Alternative assumptions : a call for a more inclusive ontology

Abdullah, Nur Anisah (2018) Alternative assumptions : a call for a more inclusive ontology. In: Scenario Planning and Foresight 2018, 2018-12-10 - 2018-12-11, Warwick Business School.

[thumbnail of Abdullah-SPF-2018-Alternative-assumptions-a-call-for-a-more-inclusive-ontology]
Text. Filename: Abdullah_SPF_2018_Alternative_assumptions_a_call_for_a_more_inclusive_ontology.pdf
Accepted Author Manuscript

Download (207kB)| Preview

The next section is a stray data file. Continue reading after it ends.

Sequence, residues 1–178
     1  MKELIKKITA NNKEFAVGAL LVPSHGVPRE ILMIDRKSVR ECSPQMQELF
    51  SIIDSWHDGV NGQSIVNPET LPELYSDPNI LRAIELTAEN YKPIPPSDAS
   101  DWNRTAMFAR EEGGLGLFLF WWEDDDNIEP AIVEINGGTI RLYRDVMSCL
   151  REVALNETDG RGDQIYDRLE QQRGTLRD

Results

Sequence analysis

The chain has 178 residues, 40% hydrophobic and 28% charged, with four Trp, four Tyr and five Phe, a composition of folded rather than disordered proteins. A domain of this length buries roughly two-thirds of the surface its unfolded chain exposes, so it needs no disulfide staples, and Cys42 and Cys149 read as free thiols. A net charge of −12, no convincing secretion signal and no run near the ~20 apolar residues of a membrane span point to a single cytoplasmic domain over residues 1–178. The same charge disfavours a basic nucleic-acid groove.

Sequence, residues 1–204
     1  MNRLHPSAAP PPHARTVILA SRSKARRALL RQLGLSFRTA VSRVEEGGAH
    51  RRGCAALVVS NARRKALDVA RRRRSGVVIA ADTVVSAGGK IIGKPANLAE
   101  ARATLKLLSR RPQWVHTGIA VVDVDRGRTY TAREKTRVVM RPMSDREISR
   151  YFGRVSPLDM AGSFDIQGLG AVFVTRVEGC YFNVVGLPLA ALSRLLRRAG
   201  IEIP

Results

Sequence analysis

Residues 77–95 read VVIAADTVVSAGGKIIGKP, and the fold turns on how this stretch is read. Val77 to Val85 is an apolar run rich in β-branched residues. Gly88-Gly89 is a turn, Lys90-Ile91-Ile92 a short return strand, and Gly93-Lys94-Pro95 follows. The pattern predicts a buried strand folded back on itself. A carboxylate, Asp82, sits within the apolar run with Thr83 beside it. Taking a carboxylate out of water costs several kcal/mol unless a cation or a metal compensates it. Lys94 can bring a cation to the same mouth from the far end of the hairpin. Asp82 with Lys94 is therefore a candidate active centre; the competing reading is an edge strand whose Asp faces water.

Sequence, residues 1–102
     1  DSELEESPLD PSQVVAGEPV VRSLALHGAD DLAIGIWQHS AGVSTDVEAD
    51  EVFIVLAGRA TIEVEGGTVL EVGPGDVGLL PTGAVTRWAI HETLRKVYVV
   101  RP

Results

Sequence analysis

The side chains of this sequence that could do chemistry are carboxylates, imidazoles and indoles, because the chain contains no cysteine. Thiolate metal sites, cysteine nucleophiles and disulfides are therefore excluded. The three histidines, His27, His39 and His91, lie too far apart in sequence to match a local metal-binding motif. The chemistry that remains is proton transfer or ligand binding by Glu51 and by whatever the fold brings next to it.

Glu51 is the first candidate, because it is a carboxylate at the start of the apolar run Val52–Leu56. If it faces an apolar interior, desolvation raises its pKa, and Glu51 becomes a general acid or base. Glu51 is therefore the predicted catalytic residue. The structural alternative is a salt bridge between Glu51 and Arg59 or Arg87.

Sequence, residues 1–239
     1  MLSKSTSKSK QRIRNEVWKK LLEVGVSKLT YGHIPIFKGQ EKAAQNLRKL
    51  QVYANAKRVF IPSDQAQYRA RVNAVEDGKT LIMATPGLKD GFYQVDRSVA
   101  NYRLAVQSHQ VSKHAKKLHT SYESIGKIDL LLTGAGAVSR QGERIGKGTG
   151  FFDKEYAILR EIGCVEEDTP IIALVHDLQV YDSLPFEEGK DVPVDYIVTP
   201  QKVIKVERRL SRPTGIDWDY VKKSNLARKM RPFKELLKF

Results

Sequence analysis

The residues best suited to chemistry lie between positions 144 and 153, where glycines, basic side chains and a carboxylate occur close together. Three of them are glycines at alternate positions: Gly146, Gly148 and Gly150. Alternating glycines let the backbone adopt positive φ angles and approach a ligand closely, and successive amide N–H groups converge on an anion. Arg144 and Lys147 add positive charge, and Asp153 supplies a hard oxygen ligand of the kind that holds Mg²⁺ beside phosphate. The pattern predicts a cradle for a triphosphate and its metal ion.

We have learned from an experience working with the community of a remote village, Dankawalie, in Sierra Leone, West Africa that some of the assumptions embedded in the design of tools and methods used in facilitating futures literacy activities/exercises were not helpful in getting this group into an exploratory space. The results of those exercise got us to reflect on how different groups of people think of the concept of time quite differently from the dominant assumptions that underpinned the framework of knowledge we unquestioningly designed our workshops. Most tools, methods or approaches were western-centric and were designed based on the assumption of the concept of linearity of time, and that intelligence was hierarchical and often measured by tech-savviness. The set of assumptions failed to appreciate the contributions a good proportion of people in shaping and imagining possible futures. This phenomenon signifies the need for an exploration into reframing the dominant assumptions underpinning the epistemology of futures studies. The ontological assumptions that underpins scientific knowledge shape the design of conceptual tools we use for decision making; framework that defines the boundaries of how we measure people's experiences.  For example, we measure people's experiences in clock time units without taking into account of all the other aspects of time.  The dominant assumptions were that our lives were structured around the clock or the calendar, this led to how we extrapolate events based on time - think forecasting, budgeting, business planning, work & organisational structure; and even when we eat, sleep or do anything in our everyday lives. This paper presents the feedback from students and the learning points from two workshops at two different locations: Parsons School of Design and YMCA Singapore on challenging the concept of linearity of time. The workshop challenged participants with one question: How would you describe the events of your life not referencing to the time on clock or the calendar? The findings from the workshops call for a review on the tools designed and being used for teaching the future and how can those tools be more inclusive, in particular, the people with different thinking paradigms?